By For more information, contact email@example.com or 978-934-3224
LOWELL, Mass. ߝ UMass Lowell and the Boston Foundation have announced the formation of the Open Indicators Consortium, a national effort dedicated to improving access to important data about communities and regions.
The consortium is developing a new open-source software system that will provide user-friendly methods to analyze and present economic, social and environmental data, or indicators, at the neighborhood, municipal, county and regional levels.
Open Indicators is led by UMass Lowell professors Georges Grinstein, director of the Institute for Visualization and Perception Research, and William Mass, director of the Center for Industrial Competitiveness. Joining them from the Boston Foundation is Charlotte Kahn, director of the Boston Indicators Project. Other founding members of the group include organizations from Atlanta, Boston, Columbus, Phoenix, Chicago and New Haven, each of which will contribute to the funding of the joint initiative and will guide the software development based on their local preferences and needs. The consortium’s initial funding is about $900,000 over two years.
“With the intensifying economic and political challenges of our times, improving timely access to information for the public and decision makers in all arenas is increasingly important,” says Mass. “The visualization of data in graphs, plots, charts and maps is a powerful approach for making complex information about multi-dimensional problems more manageable and better understood.”
“Efficiency and sustainability are key challenges facing the nation,” says Holly St. Clair, director of data services at the Boston-based Metropolitan Area Planning Council. “However data centers are tightening their belts. This tool is a sophisticated yet cost-effective way to help us see how our communities are doing, despite the downturn.”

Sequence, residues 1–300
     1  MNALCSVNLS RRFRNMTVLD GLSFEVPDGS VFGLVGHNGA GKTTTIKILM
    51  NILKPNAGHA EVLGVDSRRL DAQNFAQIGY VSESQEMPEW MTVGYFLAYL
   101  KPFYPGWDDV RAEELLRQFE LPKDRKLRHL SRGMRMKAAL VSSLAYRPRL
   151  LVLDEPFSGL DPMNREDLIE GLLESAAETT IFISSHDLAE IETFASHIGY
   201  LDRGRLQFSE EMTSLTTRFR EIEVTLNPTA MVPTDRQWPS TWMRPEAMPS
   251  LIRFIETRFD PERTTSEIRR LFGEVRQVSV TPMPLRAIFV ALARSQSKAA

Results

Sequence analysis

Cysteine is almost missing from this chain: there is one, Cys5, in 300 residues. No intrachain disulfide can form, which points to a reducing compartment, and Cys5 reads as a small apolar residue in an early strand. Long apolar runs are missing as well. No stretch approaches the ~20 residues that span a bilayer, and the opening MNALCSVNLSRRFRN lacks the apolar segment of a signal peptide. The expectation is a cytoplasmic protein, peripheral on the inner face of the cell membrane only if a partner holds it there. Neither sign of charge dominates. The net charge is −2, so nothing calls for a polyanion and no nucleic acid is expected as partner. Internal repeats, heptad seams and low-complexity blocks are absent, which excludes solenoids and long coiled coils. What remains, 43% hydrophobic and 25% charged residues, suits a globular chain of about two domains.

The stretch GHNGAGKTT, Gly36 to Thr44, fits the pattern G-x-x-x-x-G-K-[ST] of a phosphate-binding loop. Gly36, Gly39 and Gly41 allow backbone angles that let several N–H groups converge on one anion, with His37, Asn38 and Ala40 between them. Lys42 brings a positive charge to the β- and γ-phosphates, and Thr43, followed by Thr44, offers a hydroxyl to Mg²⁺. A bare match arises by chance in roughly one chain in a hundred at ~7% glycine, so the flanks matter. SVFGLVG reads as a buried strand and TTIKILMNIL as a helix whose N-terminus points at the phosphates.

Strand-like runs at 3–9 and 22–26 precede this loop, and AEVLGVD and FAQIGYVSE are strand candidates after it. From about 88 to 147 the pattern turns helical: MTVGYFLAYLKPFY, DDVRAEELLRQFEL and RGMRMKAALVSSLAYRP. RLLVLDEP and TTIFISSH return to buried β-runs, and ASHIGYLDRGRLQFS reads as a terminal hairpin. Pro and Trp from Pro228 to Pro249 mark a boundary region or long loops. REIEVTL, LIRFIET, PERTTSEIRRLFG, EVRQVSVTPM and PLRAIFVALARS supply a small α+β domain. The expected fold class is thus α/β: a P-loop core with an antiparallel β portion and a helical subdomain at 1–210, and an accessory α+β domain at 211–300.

The system will be browser-based, so it requires no special software and facilitates collaboration by simultaneous users at different sites for joint development, technical assistance and training.
“The consortium’s effort democratizes access to data and software and will extend the capabilities of organizations providing support to a broad range of users, from researchers, planners, educators and the media to the general public,” says Mass.
Lending their expertise to the project are computer science professors Cindy Chen and Jesse Heines, post-doctoral fellow Jianping Zhou, project manager Mary Beth Smrtic and project architect Alex Baumann. Also assisting the consortium are graduate students from the computer science and regional economic and social development departments, as well as staff at the Institute for Visualization and Perception Research and the Center for Industrial Competitiveness.
“This community of open-source practitioners and developers will support innovation regionally, nationally and internationally, and the freely available software will have great impact on increasing the public’s access to data,” says Grinstein.
The consortium hopes to establish fully operational Web sites in each participating region by the end of 2009. For more information, contact Grinstein at firstname.lastname@example.org or 978-934-3627, or Mass at William_Mass@uml.edu or at 978-934-4245.
UMass Lowell, with a national reputation in science, engineering and technology, is committed to educating students for lifelong success in a diverse world and conducting research and outreach activities that sustain the economic, environmental and social health of the region.. UML offers its 12,000 students more than 120 degree choices, internships, five-year combined bachelor’s to master’s programs and doctoral studies in the colleges of Arts and Sciences, Engineering and Management, the School of Health and Environment, and the Graduate School of Education. www.uml.edu
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